Social Inclusion Indicators:

Economic Mobility Wages & Income Disparity & Class Measuring Inequality Income Segregation

Social Inclusion

Income disparity directly affects the ability of some people to participate in civic life. It is a measure of how material resources are distributed throughout a given society. When disparity is great, it can impact where people live, how engaged they are in their communities, and social mobility. Where resources are less evenly distributed, those with fewer resources may feel powerless and have less trust in the system, which in turn reduces their level of civic engagement.¹ The reverse is true, in that communities with a greater number of engaged individuals tend to be more resilient and stronger economically.² Income disparity can lower intergenerational mobility, shaping the opportunities available to earners and their children.³ The unequal distribution of earnings between demographic groups, income segregation, and intergenerational mobility all help to describe how income disparity has changed in the Houston region over time, and how we compare to other regions across the country.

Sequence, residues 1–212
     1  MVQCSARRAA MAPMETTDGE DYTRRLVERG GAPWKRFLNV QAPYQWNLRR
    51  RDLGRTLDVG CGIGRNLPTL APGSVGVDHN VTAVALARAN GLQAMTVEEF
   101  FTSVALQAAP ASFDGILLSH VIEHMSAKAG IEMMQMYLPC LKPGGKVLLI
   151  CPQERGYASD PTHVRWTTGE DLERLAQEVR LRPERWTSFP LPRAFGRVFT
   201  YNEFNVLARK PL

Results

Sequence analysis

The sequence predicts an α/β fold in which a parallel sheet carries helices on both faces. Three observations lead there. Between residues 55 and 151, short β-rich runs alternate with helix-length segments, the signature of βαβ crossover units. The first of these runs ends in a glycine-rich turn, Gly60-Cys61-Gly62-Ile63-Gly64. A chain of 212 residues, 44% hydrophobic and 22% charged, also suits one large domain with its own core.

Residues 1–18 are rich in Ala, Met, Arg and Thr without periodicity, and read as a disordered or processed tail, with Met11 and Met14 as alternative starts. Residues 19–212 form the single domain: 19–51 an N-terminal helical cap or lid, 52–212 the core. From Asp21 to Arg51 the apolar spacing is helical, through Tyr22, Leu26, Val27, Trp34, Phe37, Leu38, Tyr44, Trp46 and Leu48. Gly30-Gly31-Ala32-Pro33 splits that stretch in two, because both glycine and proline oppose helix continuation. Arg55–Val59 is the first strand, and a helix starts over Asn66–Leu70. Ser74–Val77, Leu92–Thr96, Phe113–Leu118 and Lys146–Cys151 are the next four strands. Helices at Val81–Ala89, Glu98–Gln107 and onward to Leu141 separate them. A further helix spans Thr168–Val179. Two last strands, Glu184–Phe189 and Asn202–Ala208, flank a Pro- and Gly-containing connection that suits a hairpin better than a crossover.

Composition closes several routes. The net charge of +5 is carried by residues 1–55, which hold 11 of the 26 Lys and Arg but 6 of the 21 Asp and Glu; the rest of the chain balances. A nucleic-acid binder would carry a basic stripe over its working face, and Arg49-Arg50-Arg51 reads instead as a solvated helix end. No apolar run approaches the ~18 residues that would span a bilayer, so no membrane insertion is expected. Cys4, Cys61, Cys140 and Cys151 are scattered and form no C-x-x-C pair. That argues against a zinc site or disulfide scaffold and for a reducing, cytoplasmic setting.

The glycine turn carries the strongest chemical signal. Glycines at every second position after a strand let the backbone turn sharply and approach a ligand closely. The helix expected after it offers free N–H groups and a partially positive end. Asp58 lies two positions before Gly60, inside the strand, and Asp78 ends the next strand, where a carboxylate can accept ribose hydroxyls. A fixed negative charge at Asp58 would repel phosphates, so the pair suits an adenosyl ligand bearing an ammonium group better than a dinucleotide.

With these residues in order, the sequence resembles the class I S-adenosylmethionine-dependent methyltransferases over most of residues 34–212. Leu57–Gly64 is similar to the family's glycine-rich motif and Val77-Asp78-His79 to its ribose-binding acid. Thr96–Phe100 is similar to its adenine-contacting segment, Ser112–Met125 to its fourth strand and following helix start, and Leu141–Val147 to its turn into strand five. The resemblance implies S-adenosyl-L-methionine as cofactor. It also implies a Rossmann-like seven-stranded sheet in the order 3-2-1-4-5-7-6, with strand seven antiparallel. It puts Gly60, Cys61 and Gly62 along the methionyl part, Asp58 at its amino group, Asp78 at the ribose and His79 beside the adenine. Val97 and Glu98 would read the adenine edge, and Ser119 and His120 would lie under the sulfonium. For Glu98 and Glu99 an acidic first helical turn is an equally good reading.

Income segregation has critical implications for a community’s education and health. Higher levels of residential segregation predict a significant decrease in proportion of local children who attend college. In terms of health, residential segregation has been linked to high infant mortality and preterm birth rates.

Sources cited

1. Eric M. Uslaner and Mitchell Brown, “Inequality, Trust, and Civic Engagement,” Sage Publications: 2005, Retrieved from: http://gvptsites.umd.edu/uslaner/uslanerbrownapr.pdf.

2. Kristen Cambell, “How Civic Engagement Builds Resilient Communities,” February 19, 2014, Retrieved from: https://opportunitynation.org/latest-news/civic-engagement-builds-resilient-communities/.

3. Miles Corak, “Income Inequality, Equality of Opportunity, and Intergenerational Mobility, Institute for the Study of Labor (IZA), July 2013.